The college students I work with are typically in the 18-22 age range. I am young enough that I can relate to them, but old enough that my pop culture references often go over their head. For example, I often joke that “I’m hip, I’m cool” a’la Austin Powers when talking pop culture with them – a reference which usually buys me some blank stares.
One pop culture reference that always gets recognition is the idea of “awkward.” A favorite of the millennial generation, #awkward has 2.4 million posts on Instagram. In 2012, a blog on the Chronicle of Higher Education reported the use of the word in an article titled The ‘Awkward’ Age. The author, Ben Yagoda, interviewed his then 21-year-old daughter Maria who shared a thoughtful reflection on the popularity of the term: “Youth culture needed a word to embody the discomfort that comes along with the extreme awareness of ourselves, and how other perceive us, that we experience in our day-to-day lives. My generation can’t handle lulls; with all our various forms of communication, we’re too quick and self-aware for social glitches to go unnoticed and unaddressed.”
As a career counselor and educator, a lot of my time is spent on teaching students how to handle a difficult (or awkward) situation, be it with a supervisor, co-worker or roommate. For young people, the thought of speaking up brings about a lot of anxiety. My job is to empower them to do so effectively. In education, we call this self-efficacy – one’s belief in one’s ability to succeed in specific situations.
I have learned not to avoid confrontation but instead manage it. The more confident we are in addressing the situation in a positive and casual manner, the more at ease the other person will feel. Here are my tips and tricks for avoiding awkward and handling difficult interactions.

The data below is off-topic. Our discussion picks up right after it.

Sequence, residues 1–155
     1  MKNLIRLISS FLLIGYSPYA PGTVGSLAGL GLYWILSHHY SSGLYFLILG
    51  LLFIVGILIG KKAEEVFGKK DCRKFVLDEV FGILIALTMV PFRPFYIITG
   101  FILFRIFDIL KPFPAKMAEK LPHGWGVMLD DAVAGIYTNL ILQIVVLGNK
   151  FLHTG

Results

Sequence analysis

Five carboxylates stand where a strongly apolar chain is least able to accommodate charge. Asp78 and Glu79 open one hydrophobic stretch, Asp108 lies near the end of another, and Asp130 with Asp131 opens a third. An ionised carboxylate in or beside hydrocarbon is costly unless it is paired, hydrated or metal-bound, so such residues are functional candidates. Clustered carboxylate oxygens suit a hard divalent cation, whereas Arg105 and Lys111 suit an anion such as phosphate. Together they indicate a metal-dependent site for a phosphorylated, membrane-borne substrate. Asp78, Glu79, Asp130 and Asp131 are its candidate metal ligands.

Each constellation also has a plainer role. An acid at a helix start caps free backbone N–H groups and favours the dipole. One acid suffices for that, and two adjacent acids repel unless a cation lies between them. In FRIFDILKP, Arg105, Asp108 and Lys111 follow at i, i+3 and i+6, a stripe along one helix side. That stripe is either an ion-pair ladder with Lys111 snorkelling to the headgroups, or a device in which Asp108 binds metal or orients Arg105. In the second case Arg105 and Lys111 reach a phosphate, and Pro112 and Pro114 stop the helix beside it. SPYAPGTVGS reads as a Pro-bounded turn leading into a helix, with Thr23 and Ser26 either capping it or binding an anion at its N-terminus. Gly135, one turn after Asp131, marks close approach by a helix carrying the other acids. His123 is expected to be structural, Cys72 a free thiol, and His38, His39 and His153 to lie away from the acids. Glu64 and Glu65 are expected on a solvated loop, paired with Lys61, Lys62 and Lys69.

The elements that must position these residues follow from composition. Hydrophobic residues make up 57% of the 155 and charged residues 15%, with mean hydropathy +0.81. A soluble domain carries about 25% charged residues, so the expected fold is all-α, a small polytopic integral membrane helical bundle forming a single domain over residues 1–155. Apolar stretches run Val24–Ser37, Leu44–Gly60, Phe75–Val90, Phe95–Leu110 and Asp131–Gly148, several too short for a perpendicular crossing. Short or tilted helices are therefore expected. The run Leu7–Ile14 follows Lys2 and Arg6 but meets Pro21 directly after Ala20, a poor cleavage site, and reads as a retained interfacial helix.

Keep your emotions in check.
The other person will pick up on the vibes you are giving off. If you are seething inside, the other person’s defensives will immediately respond. It’s their natural “fight or flight” mechanism going off. Avoid too much emotion or subjective interpretation. Stick to the facts. Managing emotions is half the battle in a difficult situation.
As my mom always said, “It’s not what you say, it’s how you say it.” You can be assertive and kind and still get your point across.
Do not address an already uncomfortable situation in front of other people.
You will increase the awkward factor by at least 50%. Make it a 1-1 conversation.
Do not address a difficult situation via email if you can help it. Find time to discuss in-person.
Your words can come back to bite you, especially when they are printed.
End on a good note.
End positively. If the situation is resolved, verbalize that it is resolved and all is well. Both parties will feel at ease and your working relationship can move on intact so that you’ll be better prepared to handle the next challenge.